Deadly shooting at US university

Discussion in 'World Events' started by Ghost_007, Apr 16, 2007.

  1. Blue_UK Drifting Mind Valued Senior Member

    Everybody dies. It's just tragic when it's people from a close allied nation. If only the gunman realised that there are acceptable places to conduct this sort of behaviour.
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  3. madanthonywayne Morning in America Registered Senior Member

    Guess what, Virginia Tech is legally a "gun free zone". This means that even people with conceal carry permits are not allowed to carry guns there. You might not that these mass shootings almost always take place in areas where law abiding citizens are not allowed to carry guns.

    Interestingly, an attempt was recently made to allow conceal carry at Virginia Tech, but it was defeated. Had it passed, this whole thing might have gone differently.
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  5. dagr8n8 Registered Senior Member

    Very Intersting point madan, I think that the death toll would have been much less had every one had a gun, and I think that was a ingonrant comment Bells
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  7. SoLiDUS OMGWTFBBQ Registered Senior Member

    Unfortunately, kneejerk reaction will probably lead to increased restrictions on firearms ownership. For some reason, the facts, statistics and logic evade the "do-gooders" in positions of power... or, if you'll allow a little tinfoil moment, they purposefully ignore the truth in order to disarm the populace and gain additional control over them.
  8. hypewaders Save Changes Registered Senior Member

    madanthonywayne: "You might [note] that these mass shootings almost always take place in areas where law abiding citizens are not allowed to carry guns.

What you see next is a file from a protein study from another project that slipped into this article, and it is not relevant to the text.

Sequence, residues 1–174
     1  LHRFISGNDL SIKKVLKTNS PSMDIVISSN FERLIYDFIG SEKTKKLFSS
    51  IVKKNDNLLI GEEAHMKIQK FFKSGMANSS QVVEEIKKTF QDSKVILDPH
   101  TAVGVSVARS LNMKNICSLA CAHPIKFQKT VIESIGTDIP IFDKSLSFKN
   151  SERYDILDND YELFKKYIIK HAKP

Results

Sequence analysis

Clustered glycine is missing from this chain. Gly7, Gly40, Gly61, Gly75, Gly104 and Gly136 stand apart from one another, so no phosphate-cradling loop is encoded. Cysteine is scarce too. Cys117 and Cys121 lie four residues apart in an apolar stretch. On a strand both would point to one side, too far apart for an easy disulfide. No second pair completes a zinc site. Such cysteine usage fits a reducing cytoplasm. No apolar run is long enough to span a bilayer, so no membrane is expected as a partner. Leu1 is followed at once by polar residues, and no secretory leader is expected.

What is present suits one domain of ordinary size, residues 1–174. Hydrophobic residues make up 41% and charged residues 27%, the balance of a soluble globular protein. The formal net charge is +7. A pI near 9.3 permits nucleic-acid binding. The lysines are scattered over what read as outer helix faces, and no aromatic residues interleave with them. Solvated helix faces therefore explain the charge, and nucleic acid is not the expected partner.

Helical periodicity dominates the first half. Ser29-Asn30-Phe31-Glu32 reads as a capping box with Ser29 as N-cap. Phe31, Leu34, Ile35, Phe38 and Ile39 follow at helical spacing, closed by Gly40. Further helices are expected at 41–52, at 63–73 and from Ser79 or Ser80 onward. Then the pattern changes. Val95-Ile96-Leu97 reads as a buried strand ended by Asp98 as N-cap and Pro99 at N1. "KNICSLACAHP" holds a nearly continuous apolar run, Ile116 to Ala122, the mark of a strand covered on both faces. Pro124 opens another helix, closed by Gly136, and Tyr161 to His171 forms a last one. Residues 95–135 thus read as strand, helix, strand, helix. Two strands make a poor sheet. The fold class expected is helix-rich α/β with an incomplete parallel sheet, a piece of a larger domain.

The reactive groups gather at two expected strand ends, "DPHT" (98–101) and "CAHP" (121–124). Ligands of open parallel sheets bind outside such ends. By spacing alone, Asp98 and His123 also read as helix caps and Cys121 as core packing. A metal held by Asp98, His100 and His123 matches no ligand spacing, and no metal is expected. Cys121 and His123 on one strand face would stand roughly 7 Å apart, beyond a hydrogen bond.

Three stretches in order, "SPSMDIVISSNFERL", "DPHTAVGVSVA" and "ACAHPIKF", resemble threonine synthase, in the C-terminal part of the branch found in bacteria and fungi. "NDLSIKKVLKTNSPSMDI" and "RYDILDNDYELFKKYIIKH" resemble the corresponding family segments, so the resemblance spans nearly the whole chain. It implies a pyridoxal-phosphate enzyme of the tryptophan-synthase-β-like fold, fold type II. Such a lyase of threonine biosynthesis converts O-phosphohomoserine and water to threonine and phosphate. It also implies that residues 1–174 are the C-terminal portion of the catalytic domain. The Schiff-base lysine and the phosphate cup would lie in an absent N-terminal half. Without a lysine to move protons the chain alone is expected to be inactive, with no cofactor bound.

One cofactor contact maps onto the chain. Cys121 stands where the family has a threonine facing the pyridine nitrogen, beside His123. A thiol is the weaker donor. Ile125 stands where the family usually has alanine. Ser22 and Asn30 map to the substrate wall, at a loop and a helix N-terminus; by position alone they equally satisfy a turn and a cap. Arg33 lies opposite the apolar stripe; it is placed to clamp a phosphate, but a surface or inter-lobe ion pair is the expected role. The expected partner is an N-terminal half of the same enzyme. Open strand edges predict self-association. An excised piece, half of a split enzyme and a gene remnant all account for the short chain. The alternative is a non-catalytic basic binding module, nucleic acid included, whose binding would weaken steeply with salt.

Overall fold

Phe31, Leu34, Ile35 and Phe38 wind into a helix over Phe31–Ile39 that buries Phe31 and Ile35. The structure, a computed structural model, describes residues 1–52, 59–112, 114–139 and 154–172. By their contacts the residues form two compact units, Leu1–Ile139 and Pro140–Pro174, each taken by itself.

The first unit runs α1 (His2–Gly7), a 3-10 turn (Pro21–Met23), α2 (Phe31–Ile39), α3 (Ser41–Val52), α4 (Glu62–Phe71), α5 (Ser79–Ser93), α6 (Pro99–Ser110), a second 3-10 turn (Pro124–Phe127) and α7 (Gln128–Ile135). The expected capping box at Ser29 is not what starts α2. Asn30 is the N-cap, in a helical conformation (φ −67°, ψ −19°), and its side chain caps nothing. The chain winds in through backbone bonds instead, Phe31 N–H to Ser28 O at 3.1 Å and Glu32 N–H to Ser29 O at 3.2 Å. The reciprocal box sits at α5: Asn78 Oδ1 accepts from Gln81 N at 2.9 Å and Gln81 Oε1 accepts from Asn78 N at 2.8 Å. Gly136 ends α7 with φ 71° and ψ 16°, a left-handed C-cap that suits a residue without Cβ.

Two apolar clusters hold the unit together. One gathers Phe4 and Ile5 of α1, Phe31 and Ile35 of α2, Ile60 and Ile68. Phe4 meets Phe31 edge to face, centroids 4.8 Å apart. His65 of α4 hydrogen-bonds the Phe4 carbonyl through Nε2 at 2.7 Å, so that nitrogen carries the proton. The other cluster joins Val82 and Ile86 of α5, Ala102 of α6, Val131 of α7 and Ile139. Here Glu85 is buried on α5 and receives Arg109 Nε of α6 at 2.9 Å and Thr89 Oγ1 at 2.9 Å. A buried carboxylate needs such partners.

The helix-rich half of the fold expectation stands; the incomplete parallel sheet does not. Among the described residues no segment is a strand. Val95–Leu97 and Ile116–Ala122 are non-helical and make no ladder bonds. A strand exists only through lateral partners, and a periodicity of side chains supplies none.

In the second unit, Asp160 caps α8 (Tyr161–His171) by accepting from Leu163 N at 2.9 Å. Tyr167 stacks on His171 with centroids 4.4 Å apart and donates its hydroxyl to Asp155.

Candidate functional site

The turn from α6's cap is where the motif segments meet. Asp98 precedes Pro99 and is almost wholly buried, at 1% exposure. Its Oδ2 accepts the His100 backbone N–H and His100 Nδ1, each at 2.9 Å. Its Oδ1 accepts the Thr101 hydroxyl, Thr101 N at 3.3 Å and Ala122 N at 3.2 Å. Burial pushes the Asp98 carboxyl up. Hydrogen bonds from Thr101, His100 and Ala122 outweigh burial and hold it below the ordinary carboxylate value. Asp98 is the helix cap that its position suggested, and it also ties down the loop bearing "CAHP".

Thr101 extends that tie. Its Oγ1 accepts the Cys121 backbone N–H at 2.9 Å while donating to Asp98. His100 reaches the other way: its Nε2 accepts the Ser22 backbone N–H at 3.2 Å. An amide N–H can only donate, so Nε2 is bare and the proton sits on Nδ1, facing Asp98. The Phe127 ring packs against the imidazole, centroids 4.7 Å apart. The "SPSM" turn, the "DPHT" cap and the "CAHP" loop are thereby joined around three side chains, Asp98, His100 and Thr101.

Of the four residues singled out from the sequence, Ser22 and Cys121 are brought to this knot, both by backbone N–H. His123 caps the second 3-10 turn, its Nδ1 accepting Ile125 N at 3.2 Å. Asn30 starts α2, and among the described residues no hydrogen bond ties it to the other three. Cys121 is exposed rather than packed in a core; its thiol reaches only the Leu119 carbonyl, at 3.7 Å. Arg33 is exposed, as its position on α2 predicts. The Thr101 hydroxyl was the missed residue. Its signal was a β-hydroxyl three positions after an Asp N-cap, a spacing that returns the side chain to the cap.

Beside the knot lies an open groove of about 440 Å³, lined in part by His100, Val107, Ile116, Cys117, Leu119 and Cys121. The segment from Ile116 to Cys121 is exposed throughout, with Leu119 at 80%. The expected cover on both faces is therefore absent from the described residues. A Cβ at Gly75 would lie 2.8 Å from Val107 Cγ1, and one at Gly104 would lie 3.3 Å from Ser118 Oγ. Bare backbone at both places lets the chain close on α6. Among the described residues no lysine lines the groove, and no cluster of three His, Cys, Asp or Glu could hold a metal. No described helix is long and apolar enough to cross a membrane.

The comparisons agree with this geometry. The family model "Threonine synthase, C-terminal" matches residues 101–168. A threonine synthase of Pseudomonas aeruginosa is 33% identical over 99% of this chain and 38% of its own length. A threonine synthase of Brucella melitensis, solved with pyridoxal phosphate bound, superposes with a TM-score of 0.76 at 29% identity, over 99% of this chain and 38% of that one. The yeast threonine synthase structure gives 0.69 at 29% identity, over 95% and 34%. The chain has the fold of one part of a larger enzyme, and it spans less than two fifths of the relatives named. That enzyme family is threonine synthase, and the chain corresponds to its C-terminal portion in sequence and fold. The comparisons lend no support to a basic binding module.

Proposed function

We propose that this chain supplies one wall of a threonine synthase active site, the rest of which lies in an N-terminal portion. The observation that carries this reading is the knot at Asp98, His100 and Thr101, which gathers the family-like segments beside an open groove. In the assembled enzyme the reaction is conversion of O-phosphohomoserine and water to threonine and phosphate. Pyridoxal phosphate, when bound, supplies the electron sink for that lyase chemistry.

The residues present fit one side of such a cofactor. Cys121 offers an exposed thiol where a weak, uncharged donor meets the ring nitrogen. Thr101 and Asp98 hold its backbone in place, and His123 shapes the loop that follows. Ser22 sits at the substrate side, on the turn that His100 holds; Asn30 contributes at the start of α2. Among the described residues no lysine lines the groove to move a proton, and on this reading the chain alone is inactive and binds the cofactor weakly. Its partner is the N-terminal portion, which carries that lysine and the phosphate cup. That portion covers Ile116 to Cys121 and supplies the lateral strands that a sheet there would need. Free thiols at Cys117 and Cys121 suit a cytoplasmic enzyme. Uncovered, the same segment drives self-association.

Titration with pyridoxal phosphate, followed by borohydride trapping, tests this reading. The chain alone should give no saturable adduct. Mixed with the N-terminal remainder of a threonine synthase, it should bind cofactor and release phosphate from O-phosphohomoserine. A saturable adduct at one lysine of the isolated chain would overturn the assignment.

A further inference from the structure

Interestingly, an attempt was recently made to allow conceal carry at Virginia Tech, but it was defeated. Had it passed, this whole thing might have gone differently."

    That's creative speculation. There are lots of places in the world where weapons are everywhere, and madmen still commit massacres. It's nothing but a fantasy to imagine that the world can be like a corny TV episode of "Gunsmoke" or "Bonanza", where the bad guy always gets it before committing more than an entertaining amount of mayhem, because every white-hat-wearing manly-man is packing heat. The closest reality today to such a state of affairs is Baghdad, Iraq- where killings even more indiscriminate than Virginia Tech are commonplace. The massacres of that less "news-worthy" species (sub-americans) will of course draw far less attention from CNN, while there is an American drama to repeat footage on, and repeat footage on, and repeat footage on, for the weeks and months ahead.

    So as with our response to 9-11, America will continue to react to tragedy badly. There will be howls for our society to be made safer, as if it is not already as safe as an open and world-dominating society can be. There will be a new round of sensationalism, while tomorrow's notoriety-craving sociopaths lick their lips with glee and anticipation.

    Te Jen: "There's nothing anyone can do to stop a mentally ill person from carrying out a bloodbath. The only way to decrease the incidence is to convince the media to stop playing the events to the absolute hilt"

    Let those who are grieving and healing grieve and heal, just as thousands of others are grieving and healing, having endured experiences just as painful and tragic, in a thousand other human tragedies that were not hyped today. It would be more compassionate and prudent for everyone not personally involved in such tragedies to move on.

    If a wider madness (including a political stampede toward authoritarianism) is not to flourish in America, we have got to learn to stop being ghouls, drama-addicts, and weak-minded deniars of life's inherent dangers. We've got to reject the concept of some righteous new national protectors from all evil. America is as safe from evil as is feasible, because the only truly effective national measures of prevention of such tragedies would become an even greater evil.